Coast KZN

23 Apr 2024

FishEagle: Anglers return to the seas as game fish season hits full stride

Sealice (North Coast Courier) Picture: Keagan Loader caught this 20 kg couta on Saturday off Westbrook on a crystal minno lure. He was fishing for snoek and was surprised to hook this sizeable couta.

Decent weather and sea conditions have at last allowed anglers to get back to business. The offshore game fish season is in full swing, with those participating in the various club competitions and the recent Durban Ski Boat Club’s inter-club shoot-out weighing in a fair number of game fish. The largest catch was a barracouta weighing 15 kg but apparently there were larger fish lost to sharks. Included in catches were dorado, queenfish and Natal snoek.

Sharks are unfortunately still taking a huge toll hitting hooked fish and there have been hard-luck stories on every outing. The sea water is cooling with the temperature at the weekend reading 22 to 23 degrees, but it seems as if the sharks will continue to be a problem for some time yet.

Once the swell had subsided, anglers were able to put to sea and fish their favourite bottom reefs that have been producing good catches this year. The usual big rockcod and red fish species continued to keep anglers interested. Geelbek salmon and at times shoal salmon have also been found in some areas. As long as the weather remains fine, anglers will be able to spend some quality time at sea, and the inshore reefs will produce sizeable rubber lips, lantern bream and moff grunter in some areas. Trap sticks will produce the odd big couta.

Before the onset of the unfishable seas, the in between season did produce a few fish for the rock and surf anglers but there were no fireworks along the coastline.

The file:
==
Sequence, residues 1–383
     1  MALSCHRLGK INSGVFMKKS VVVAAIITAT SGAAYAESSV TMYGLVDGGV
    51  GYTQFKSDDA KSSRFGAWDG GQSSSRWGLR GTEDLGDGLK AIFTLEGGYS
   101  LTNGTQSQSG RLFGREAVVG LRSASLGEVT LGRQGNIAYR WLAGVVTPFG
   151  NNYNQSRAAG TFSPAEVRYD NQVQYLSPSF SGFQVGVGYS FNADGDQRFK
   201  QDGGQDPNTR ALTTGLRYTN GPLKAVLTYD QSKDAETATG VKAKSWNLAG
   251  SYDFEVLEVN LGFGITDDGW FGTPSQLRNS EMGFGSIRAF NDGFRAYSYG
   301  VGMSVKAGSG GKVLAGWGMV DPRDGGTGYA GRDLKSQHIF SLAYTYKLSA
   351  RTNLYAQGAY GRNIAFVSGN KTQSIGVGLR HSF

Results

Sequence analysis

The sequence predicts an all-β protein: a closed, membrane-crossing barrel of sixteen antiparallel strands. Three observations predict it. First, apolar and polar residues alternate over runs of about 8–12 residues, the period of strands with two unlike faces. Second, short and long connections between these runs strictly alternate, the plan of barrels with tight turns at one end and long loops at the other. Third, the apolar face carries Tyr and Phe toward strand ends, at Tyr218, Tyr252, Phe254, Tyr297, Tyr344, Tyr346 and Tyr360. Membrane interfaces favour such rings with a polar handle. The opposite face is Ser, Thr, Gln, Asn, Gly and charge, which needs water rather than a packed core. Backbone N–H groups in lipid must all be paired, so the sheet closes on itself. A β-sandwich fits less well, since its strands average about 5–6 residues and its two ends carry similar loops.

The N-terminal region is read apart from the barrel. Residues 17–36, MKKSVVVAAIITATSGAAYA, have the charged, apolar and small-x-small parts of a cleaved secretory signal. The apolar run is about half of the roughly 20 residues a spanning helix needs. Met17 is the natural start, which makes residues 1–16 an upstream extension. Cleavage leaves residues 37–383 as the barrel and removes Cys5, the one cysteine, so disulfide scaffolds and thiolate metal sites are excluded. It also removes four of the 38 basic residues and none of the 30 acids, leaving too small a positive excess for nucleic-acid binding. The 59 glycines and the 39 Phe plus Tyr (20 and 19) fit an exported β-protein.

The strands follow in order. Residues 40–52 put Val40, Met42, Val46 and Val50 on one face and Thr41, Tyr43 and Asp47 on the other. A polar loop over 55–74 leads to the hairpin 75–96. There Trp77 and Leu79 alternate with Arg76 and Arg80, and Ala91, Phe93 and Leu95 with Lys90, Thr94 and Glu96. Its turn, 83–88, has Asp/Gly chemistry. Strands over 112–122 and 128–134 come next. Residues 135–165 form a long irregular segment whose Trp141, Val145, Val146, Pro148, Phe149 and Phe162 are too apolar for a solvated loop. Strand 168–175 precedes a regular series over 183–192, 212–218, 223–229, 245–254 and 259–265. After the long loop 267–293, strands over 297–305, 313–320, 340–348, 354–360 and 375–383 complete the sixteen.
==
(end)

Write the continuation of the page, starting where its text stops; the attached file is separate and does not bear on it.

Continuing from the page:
The local beaches are normally quiet at this time of the year with the odd pompano and wave garrick in the shorebreak and a few copper bream in the rocky gullies. At present there are a fair number of stumpnose being caught, many of them weighing between 1-2 kg.It seems as if sardine baits are the way to go for the stumpies but this species will go for a variety of baits, including crab, chokka, baby squid and prawns.
Shad remain scarce with just a few small ones being caught along the coast but these have been few and far between.

With the sea water cooling nicely, the green shad shoals should begin to move up the coast, although it is still a bit early. But who knows, it could happen and this will certainly spark things up along the upper South Coast for a start.

At present small salmon are making up some catches and they are recorded over a wide area, but don’t expect anything hectic.The area stretching from Glenashley to the Durban basin is producing some decent catches. Some nice salmon were caught at Glenashley, with some shad and grunter at the Umgeni mouth.

In the Durban basin, a few diamond rays have been recorded at night and released. Anglers waiting for the shad to arrive should do their best to stock up on bait. Because of the number of bonito to be found in local waters, acquiring a stock of bonito fillets for bait is recommended. At times I have found that mixed grill baits consisting of sardine and bonito seem to produce more pulls, even when the fishing is quiet.